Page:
Kimura Disease Clinical Presentation

Updated: Apr 27, 2017
  • Author: Alan Snyder; Chief Editor: William D James, MD  more...
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Kimura disease typically presents as a painless mass or masses in the head and neck region, with occasional pruritus of the overlying skin. Renal disease, nephrotic syndrome in particular, is present in up to 20% of patients with Kimura disease. [20] An estimated 12-16% of patients with Kimura disease exhibit proteinuria upon examination, of which 59-78% have nephrotic syndrome. [21] Less commonly, several reports in the literature have linked Kimura disease with a hypercoagulable state in patients without associated nephrotic syndrome. [22]


Physical Examination

Patients with Kimura disease typically present with nontender subcutaneous nodules and masses in the head and neck, especially in the parotid and submandibular regions. These lesions are often associated with lymphadenopathy. Less frequently, the orbit (including the eyelids, conjunctiva, and lacrimal glands [23] ), paranasal sinuses, epiglottis, tympanic membrane, parotid gland, parapharyngeal space, palate, axilla, groin, and breast [18, 24, 25, 26] may be involved. [27, 28] Although Kimura disease mainly affects the head and neck, involvement of the extremities and inguinal lymph nodes has been reported. [29] In addition, a presentation of Kimura disease as a pulmonary hilar mass has been described. [30] Visible ischemia of the extremities may be present as a result of the hypercoagulable sequelae of Kimura disease, and related chronic diseases such as Raynaud phenomenon and acute limb ischemia (ALI) have been reported when left untreated. [7, 31, 32]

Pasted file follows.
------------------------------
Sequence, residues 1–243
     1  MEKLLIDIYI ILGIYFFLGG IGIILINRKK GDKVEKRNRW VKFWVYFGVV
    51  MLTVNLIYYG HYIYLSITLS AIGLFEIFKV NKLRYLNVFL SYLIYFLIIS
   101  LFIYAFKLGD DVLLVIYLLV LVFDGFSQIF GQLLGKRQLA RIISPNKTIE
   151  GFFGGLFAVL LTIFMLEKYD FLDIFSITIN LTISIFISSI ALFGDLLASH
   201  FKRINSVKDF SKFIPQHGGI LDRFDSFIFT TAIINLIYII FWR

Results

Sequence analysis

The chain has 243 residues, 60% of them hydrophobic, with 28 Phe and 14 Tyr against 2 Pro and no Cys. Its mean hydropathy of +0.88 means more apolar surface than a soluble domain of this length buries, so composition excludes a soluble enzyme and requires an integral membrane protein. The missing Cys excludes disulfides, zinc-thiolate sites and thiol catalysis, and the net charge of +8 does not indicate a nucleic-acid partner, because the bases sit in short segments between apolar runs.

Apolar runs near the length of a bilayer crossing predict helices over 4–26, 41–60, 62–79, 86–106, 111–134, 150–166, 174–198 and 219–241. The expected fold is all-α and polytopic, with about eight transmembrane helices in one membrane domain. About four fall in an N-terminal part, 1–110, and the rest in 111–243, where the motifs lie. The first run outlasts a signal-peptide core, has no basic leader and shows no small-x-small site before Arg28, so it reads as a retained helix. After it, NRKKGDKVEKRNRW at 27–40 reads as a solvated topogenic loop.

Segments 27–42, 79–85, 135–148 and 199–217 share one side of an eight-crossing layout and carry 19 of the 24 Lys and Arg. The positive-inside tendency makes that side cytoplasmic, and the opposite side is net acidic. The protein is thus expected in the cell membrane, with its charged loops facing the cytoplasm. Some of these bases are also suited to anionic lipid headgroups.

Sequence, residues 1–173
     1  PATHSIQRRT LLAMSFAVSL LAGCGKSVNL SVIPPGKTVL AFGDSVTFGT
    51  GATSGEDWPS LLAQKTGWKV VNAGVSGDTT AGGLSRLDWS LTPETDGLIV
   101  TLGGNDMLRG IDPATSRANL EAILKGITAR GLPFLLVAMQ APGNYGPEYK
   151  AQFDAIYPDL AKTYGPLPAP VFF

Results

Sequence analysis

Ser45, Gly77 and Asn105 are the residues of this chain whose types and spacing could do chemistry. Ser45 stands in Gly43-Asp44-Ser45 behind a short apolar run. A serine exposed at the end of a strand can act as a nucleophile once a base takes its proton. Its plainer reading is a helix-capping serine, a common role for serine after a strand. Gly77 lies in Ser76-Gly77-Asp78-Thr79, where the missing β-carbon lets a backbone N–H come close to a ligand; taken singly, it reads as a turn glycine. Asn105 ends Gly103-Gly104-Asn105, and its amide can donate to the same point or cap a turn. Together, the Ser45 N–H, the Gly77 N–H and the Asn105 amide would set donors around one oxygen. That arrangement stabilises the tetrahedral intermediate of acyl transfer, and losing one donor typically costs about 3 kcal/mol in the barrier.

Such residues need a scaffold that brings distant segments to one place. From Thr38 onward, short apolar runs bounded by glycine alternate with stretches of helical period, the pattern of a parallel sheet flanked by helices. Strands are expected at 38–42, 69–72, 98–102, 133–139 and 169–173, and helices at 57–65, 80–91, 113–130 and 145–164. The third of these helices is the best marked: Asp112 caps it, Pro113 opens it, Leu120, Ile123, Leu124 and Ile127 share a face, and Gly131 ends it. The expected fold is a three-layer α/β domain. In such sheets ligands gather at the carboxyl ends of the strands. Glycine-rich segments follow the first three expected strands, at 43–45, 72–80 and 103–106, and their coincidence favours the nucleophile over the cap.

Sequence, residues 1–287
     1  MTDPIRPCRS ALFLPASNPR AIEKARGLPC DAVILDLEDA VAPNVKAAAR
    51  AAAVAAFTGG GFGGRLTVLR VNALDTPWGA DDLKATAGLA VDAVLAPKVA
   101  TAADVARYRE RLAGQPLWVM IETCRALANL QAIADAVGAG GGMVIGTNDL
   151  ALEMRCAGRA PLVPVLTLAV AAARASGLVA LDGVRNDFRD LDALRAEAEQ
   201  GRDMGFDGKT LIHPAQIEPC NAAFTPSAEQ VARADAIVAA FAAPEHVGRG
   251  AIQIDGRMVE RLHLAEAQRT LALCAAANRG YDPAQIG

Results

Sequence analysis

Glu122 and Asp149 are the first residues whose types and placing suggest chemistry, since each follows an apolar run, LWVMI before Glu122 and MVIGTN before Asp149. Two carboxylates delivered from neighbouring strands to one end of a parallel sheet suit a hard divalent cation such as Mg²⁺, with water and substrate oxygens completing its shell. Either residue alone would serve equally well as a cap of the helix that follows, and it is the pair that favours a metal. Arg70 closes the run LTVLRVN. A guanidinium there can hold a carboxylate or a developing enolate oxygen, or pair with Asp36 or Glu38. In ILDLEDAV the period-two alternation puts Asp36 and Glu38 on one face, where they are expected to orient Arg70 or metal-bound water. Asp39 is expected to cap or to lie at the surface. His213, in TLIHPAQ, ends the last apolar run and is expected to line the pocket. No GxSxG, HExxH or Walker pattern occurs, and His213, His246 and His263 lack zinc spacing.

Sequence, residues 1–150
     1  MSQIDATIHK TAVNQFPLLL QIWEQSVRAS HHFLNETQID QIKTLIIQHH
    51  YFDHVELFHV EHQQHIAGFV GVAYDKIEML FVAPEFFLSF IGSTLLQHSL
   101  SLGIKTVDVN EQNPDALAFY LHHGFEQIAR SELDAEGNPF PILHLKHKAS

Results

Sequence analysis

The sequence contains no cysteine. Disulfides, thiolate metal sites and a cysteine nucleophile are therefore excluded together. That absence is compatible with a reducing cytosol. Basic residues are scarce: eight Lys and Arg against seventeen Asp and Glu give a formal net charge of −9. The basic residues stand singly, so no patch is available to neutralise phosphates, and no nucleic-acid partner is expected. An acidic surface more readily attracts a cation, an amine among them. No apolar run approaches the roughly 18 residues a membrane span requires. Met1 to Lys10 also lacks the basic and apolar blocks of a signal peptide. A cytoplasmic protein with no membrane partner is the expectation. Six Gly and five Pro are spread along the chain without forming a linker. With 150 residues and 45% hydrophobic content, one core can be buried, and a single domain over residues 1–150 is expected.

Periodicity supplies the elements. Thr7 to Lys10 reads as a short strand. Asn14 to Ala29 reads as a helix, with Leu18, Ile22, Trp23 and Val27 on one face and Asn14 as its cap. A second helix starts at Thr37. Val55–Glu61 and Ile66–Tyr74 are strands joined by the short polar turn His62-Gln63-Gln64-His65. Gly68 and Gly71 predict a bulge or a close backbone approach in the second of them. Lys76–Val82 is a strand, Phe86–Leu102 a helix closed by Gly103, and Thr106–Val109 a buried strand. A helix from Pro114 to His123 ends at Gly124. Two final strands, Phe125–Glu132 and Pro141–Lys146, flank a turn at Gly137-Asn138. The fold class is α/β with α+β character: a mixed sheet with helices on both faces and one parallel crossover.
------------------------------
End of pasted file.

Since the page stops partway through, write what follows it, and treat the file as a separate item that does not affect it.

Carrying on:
See the image below.

Fifteen-year-old boy with nontender, firm swelling Fifteen-year-old boy with nontender, firm swelling (5 cm x 3 cm) in the left cervical area of 8 months’ duration. Courtesy of Our Dermatology Online (




Rarely, large nodules or tumors from Kimura disease have ulcerated. After treatment, recurrence also has been reported.

Abbas et al reported one case of postsurgical facial disfigurement effectively treated with photodynamic therapy. [33]

On two known occasions, brain embolisms have occurred due to Kimura disease–induced thrombi. [34]